January 23, 2013
A Pain in the Hip
Last year, Ben and I authored a mini-series focusing on common baseball injuries. One of the best-received articles covered hip injuries, focusing on impingement with labral tears—a condition that is becoming increasingly more prevalent in all athletes. You can read that article here. A quick recap: The labrum is a ring of cartilage that deepens the socket for the femoral head to stay in. Cam lesions are bumps off the femoral head that develop over time. The x-ray below illustrates this more clearly:
When the leg is brought up and twisted inward, the femoral head will contact the labrum above it and the rim of the hip socket. At some point during extreme motion, bones will make contact, but in cases of cam impingement, it occurs earlier in the motion. Because of this earlier contact, Rodriguez was more prone to tearing his labrum and cartilage damage.
This was not something that developed overnight, or even over the course of the 2012 season. It developed gradually and likely began back when A-Rod was a teenager. Why has he been able to produce at a high level? The body will do almost anything to reach a goal. In this case, Rodriguez’s body allowed the joint to get into a position to create enough force to rapidly rotate his hip at least 50 times per day during the season.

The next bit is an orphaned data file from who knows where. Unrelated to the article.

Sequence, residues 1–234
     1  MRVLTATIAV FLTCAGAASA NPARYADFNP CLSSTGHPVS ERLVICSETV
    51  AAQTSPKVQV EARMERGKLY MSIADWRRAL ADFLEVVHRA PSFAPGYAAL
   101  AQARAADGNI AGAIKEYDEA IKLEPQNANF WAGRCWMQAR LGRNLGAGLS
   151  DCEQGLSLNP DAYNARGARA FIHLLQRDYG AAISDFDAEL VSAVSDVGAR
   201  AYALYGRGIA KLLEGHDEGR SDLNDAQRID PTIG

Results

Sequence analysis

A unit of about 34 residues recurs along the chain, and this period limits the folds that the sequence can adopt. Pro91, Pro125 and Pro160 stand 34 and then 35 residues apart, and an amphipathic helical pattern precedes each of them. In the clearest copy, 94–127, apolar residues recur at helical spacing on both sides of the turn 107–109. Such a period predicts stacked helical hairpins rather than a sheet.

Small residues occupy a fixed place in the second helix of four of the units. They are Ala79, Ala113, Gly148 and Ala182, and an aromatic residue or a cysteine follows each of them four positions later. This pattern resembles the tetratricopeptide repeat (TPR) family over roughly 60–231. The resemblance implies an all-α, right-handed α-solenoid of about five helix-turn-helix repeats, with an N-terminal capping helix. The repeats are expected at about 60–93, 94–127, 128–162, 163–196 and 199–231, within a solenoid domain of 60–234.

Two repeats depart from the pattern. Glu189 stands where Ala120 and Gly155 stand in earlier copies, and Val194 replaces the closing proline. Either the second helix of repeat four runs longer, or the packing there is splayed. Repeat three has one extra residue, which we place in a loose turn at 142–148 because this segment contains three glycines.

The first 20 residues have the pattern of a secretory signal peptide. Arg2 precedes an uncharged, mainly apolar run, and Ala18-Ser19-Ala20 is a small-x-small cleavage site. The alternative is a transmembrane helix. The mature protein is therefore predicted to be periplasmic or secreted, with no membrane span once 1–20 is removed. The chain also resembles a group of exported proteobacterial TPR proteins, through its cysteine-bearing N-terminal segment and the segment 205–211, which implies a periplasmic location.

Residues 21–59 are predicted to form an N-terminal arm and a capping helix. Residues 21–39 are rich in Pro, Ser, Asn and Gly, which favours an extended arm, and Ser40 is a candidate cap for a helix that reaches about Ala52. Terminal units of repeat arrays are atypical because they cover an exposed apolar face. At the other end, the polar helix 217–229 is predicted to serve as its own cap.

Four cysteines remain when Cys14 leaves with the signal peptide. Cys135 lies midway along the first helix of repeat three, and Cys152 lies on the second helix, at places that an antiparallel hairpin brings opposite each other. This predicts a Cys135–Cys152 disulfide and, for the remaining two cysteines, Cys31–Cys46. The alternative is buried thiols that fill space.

Over time, the labrum roughens and a tear develops. Before you know it, the articular cartilage softens and wears down, which is the area of greatest concern. For all the advances in medicine, there is still not an optimal method of repairing articular cartilage after injury or osteoarthritis of this nature. Rodriguez was somewhat lucky because he had a significant tear in his labrum but minimal articular cartilage damage.
His recovery is going to take most, if not all, of the first half of the season. In 2009, he didn't have a cam lesion burred down, so he was able to return eight weeks after his surgery. In order to determine how much to burr down, the surgeon moves the leg around during surgery, looking to see how severe the impingement is. The extra bone is burred down, temporarily weakening the area until it fully remodels, which takes a while. If the bone was not such an important weight-bearing bone, it might not be an issue, but a fracture in the femoral neck where the bone is burred down could have disastrous outcomes.